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Will anyone notice another American-Chinese electric car?

Market and political forces could kill GreenTech Automotive before it builds one car in the U.S.

By James_Tate Apr 26, 2013 10:19AM

The popularity of hybrid and electric vehicles has drawn new blood to the auto industry in ways we haven’t seen in decades. 

With that, there's yet another under-the-radar automaker you’ve likely never heard of before: the American-Chinese partnership known as GreenTech Automotive.

The company wants to import the JAC J3, a Chinese-built compact sedan made by a state-owned automaker, and install electric powertrains at a plant in Mississippi. GreenTech promises a range of more than 100 miles from its 19-kilowatt-hour battery. The company says it will begin a pilot program of 2,000 cars starting in late 2013.

GreenTech was established in 2009 as a partnership between American and Chinese businessmen who, after purchasing a Hong Kong-based electric vehicle manufacturer in 2010, had planned to build and sell a smaller electric model called MyCar.

The MyCar is labeled a “neighborhood electric vehicle,” which means it's not fast enough to be allowed on highways, with the most powerful battery option providing a 91-mile range.

But to date, the GreenTech story is a familiar tale of struggles. There is no dealer network, and despite claims that it will build 30,000 MyCar models over the next three years, GreenTech’s Mississippi manufacturing plant isn't scheduled to come online until the end of 2013, two years later than initially planned. Even GreenTech’s website still has the plant up and running sometime 2011.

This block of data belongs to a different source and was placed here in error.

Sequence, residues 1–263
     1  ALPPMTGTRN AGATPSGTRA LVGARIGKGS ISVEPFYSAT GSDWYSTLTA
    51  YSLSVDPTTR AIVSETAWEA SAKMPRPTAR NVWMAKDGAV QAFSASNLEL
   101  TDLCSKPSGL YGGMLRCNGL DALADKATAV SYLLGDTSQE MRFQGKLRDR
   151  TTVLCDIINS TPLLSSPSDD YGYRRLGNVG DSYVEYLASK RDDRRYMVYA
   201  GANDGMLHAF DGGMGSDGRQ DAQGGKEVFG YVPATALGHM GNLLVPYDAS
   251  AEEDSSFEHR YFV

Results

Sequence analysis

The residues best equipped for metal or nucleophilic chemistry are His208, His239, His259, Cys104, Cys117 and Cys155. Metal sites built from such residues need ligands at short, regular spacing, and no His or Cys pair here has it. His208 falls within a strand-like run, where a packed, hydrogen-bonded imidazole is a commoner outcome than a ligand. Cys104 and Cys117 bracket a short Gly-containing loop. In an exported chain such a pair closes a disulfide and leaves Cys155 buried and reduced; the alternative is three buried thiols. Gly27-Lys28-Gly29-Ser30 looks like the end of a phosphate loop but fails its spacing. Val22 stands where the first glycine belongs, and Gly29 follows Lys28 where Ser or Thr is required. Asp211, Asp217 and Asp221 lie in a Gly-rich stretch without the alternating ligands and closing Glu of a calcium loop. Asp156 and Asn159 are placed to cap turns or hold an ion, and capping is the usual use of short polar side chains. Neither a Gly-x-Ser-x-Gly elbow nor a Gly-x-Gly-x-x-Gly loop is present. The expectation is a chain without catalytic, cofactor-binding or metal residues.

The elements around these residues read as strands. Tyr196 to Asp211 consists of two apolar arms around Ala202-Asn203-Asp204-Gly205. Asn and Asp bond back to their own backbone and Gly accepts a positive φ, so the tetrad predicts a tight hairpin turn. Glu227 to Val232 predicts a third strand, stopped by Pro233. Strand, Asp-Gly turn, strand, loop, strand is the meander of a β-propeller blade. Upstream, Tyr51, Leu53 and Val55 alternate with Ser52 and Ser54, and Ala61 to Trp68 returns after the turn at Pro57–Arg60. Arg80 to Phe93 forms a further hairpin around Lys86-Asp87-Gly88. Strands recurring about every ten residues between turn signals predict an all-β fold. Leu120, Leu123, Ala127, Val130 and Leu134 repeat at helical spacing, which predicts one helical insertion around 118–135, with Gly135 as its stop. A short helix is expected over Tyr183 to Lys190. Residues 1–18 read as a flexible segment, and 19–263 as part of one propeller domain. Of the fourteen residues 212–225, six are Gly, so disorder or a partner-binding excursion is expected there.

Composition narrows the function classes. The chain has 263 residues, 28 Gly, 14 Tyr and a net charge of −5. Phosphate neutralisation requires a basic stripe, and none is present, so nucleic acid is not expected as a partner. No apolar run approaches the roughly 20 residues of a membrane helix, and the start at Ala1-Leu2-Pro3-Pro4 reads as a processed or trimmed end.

California-based Coda Automotive, which is also selling a retrofitted electric Chinese sedan, is facing similar problems with sales. For Detroit Electric, another brand-new U.S. automaker trying to break into the market, its survival is now penned on China's Geely brand, which owns Volvo.

As with Fisker, which is now caught up in a congressional firestorm over its government-approved loans and pending bankruptcy, politics may be the biggest problem yet for GreenTech. Co-founder Terry McAuliffe is a big-time player in American politics. A former chairman of the Democratic National Committee, he was also the co-chairman of Bill Clinton’s 1996 presidential campaign and chairman of Hilary Clinton’s 2008 presidential campaign.

GreenTech Automotive was established after McAuliffe finished second in the 2009 Virginia Democratic gubernatorial primary, and now that he’s running for Virginia governor again this year, his record as a businessman has come into play — and that’s where GreenTech has seen just the kind of spotlight it didn’t want.

A number of media reports outline McAuliffe's business dealings, including alleged claims that GreenTech was a "fraud investment" and that his company had a scheme to give out U.S. visas in exchange for employment. GreenTech has since sued for libel and alleged that the stories jeopardized around $85 million in potential finance deals.

In addition, McAuliffe only revealed in April that he had resigned from his chairman position in December. Though he remains a shareholder, there is a growing controversy over his appearances and statements made between December and April, which some claim were misleading about his involvement with GreenTech. Indeed, while McAuliffe is no longer listed among GreenTech’s executives, he is quoted (typos and all) multiple times on the company’s site as its chairman.

While this may be a simple case of a company not updating its website, it certainly does itself no favors in light of the controversy. Political opponents are now using GreenTech to attack McAuliffe’s business record, which has been a tenet of his campaign.

Only time will tell the full story of GreenTech Automotive, but as things stand, it appears the company is facing another problem for new businesses in the modern era: the 24-hour news cycle.

[Sources: GreenTech Automotive; Richmond Times-Dispatch;; The New York Times; photo via GreenTech Automotive]      

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